Most of us would love to think better, faster, and smarter.

But putting things into practice and knowing which habits actually propel us towards better thinking patterns is sometimes a mystery.

In Jenny Brockis’ book Smarter Sharper Thinking: Reduce Stress, Banish Fatigue and Find Focus there are countless yet targeted insights into how to improve your brain.

The books gives you the know-how on diverse issues that impact our brain, including the role of nutrition, sleeping patterns, leadership, creativity, organisational health, and insights.

Two key issues that determine organisational success

The two key issues that dominate high performing organizations are mental capital and organizational health.

Mental capital can be defined as

“the combination of cognitive ability (mental flexibility and efficiency) and emotional intelligence (dealing effectively with stress, resilience and social skills). (p. xxi)

In this context, mental wellbeing in turn is

“a dynamic state in which an individual can develop their potential, build strong and positive relationships, and contribute to the community” (p. xxi).

But these can only be unlocked in organisations that invest heavily in organisational health; that is workplaces that literally help people to think better and develop these skills.

In highly successful organisations, it is “people management” that is a high priority and leaders spent significant time trying to create opportunities for employees to feel safe and well at the workplace.

According to Patrick Lencioni, it is organisational health that will determine how well an organization can perform and this is increasingly true in a world where many of us still work from home.

Fostering quality mental capital and mental wellbeing means that our employees are much more engaged and also happier at work.

In fact, successful organisations truly foster increased mental capital and wellbeing so that people can literally think better.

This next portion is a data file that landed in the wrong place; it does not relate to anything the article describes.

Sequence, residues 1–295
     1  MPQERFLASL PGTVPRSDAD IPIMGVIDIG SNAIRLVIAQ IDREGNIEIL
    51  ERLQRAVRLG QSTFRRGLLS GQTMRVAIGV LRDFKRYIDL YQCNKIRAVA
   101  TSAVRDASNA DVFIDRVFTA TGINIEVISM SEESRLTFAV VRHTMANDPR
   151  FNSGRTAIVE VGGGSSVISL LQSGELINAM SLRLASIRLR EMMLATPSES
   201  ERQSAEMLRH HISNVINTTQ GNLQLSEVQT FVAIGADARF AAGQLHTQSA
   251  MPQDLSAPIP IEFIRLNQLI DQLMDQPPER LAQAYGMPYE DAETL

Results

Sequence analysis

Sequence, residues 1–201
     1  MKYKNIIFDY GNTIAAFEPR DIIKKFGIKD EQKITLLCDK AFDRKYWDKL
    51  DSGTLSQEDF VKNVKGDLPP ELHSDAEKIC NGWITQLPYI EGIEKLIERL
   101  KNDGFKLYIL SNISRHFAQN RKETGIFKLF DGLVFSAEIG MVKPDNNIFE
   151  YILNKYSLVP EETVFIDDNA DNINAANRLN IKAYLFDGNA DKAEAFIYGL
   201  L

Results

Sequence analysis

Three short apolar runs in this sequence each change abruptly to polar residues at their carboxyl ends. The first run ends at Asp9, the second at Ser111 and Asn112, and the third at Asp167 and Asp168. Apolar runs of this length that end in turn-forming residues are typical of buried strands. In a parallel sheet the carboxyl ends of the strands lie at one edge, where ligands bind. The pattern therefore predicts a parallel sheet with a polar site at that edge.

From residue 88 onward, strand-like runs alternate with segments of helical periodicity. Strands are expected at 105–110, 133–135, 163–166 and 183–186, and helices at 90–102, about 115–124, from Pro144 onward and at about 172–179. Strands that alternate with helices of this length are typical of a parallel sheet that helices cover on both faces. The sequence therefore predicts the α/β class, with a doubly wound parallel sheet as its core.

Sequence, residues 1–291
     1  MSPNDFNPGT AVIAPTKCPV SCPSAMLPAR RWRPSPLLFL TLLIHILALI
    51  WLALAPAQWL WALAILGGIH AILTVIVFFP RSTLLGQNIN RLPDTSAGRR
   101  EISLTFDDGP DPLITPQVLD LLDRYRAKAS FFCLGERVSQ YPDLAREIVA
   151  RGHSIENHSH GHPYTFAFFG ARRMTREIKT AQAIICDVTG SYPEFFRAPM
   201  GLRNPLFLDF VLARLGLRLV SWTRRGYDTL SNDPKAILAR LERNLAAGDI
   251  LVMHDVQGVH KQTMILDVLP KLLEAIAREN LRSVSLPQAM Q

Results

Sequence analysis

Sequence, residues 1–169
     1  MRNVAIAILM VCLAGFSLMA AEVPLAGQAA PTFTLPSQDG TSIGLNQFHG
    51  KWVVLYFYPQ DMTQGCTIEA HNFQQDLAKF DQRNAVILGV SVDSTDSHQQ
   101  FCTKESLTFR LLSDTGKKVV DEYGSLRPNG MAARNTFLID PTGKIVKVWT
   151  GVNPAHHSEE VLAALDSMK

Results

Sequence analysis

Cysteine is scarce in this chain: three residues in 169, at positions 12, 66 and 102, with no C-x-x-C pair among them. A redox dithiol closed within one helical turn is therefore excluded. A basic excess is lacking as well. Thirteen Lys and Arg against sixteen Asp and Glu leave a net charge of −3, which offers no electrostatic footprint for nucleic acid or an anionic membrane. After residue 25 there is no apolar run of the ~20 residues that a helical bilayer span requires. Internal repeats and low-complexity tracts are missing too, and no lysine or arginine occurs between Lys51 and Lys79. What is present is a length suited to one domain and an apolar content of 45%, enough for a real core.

Managing stress is about what we think of it

But there are many culprits to why we often do not perform at our best.

Out of all frustrations and barriers, stress however plays the largest role.

Many of us are feeling constantly stressed both at home and work to the extent that stress has become an epidemic in itself.

We all try to de-stress and often increase our stress levels just by thinking about all the negative health outcomes that our stress is likely to kick off.

However, recent studies have found that it is our own attitude to stress that is a large culprit:

“It’s not the amount or severity of the stress that harms us: it is our belief in whether or not we will sustain harm from the stress” (p. 127)

When we experience stress, our biological symptoms kick in and we literally feel stressed: our blood pressure goes up and we are in the flight-or-fight mode where we constantly try to detect danger.

We know that some level of stress is good as it keeps us alert and functioning.

However, it’s not the sources of stress that matter the most but how we share it with others and how we view it ourselves.

Recent studies have shown that people who believe that the stress is very bad for them are more likely to die from stress.

This is not to say that chronic stress is not bad for you, it certainly is and leads to serious health conditions.

But our attitude towards stress matters as it also is connected to our awareness of the strategies available for us to reduce it and deal with it.

Fostering positive learning environments matters

But this is connected also to the organisational health mentioned before: if we feel unsafe at work (in terms of stressful situation) we are sensing danger and focus our energy to be on the lookout rather than to create.

Organisations therefore are likely to perform much worse if organisational health is not good.

This is also because:

“when we are in a positive mood, our mind is more open to learning, to seeing things differently, to considering all options and possibilities” (p. 139).

Feeling safe is very much connected to creativity because when we feel safe, we don’t have the same physiological warning signs taking over our attention .(e.g. increased blood pressure, our brain focused on the signals that we are in danger).

Many of us often discount the role of emotions in the way we work, think and live.

But Jenny disagrees: we make over 30 000 decisions every day and many of those (even if unconsciously) are based on how we actually feel.

Therefore, organisations that strive to succeed need to pay attention in particular to how people feel at work, investigate the reasons for those feelings, and then seek to amplify those strategies that generate healthier and happier employees.

The book obviously covers much more than what am sharing here but what is clear to me is that there are very practical everyday reasons why we need to focus on developing smarter and sharper brains.

The bottomline is that we should treat the quality of our thinking as one of the most precious capabilities and act accordingly.

That means paying attention to how we think and instil a range of smarter sharper brain routines as part of what we do every day.